Coinbase, one of the largest crypto trading platforms in the World, submitted a Formal Application for Registration with the NFA’s Futures Commission (FCM) on September 15.
Coinbase posted the following details on Twitter. The tweet was public and told everyone that Our next move is to broaden our trading options by introducing futures and derivatives on our platforms. The aim is to expand the bitcoin economy.
Upon approval as an approved FCM member under the NFA, Coinbase will need to join the Commodity Futures Trading Commission’s derivatives registry to be granted permission to proceed with its next steps.
Why is Coinbase interested in the futures?
For investors who do not want to possess an actual physical asset, futures and derivatives are financial market instruments that allow them to speculate on asset values without owning the underlying item. Traders can use such things to hedge against the value of their physical assets or create markets to facilitate the discovery of the value of their assets.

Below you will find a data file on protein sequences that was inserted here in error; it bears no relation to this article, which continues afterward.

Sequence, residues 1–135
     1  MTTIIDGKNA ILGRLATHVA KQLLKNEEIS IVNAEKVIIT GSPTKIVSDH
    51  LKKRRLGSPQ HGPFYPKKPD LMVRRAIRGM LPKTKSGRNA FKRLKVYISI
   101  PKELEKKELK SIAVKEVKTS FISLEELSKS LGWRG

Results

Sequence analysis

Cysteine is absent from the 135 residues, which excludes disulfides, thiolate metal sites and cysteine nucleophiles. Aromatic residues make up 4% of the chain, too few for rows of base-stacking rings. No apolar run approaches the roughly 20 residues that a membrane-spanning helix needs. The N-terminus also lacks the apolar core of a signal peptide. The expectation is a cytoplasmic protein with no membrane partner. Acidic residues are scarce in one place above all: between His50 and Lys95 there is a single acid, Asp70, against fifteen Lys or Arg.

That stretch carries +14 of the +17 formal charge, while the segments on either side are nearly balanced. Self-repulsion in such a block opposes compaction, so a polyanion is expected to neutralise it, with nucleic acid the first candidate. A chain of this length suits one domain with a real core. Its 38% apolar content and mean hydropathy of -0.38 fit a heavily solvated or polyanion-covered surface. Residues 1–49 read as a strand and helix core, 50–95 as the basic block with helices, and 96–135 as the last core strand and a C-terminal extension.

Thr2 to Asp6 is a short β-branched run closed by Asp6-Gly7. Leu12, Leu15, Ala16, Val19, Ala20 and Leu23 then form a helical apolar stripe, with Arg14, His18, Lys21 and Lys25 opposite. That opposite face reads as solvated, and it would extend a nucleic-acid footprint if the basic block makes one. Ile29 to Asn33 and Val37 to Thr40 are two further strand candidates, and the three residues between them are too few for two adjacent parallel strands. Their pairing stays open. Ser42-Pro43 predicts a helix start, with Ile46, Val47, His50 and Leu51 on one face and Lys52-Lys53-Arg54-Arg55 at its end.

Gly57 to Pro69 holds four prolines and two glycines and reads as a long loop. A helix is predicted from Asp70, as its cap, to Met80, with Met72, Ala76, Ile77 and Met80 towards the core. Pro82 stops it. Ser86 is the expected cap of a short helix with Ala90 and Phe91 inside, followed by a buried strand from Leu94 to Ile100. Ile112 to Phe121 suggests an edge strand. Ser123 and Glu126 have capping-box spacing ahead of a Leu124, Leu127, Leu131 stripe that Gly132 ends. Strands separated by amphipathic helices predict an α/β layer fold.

With the addition of futures and derivatives to its portfolio, Coinbase aims to have a lot easier transition than its previous ambitions to offer a loan product in the form of USDC coins. Remember that the Securities and Exchange Commission (SEC) has threatened to sue the firm if it successfully promoted this sort of product.
Coinbase earned $1.8 billion in revenue in the first quarter of this year while operating as a spot-only exchange exclusively. In addition to the demand for futures, and Coinbase wants a piece of the action. Exchanges gain money each time an asset trades on their platform (via spreads, premiums, or market-making), generating potentially billions of dollars in additional income every year.
Coinbase, on the other hand, raised $2 billion in a debt offering just a day before this occurrence. Goldman Sachs, an institutional bank, handled the sale of the debt notes, which brought in more than $7 billion in orders for a total of $1.5 billion in debt on offer earlier this week.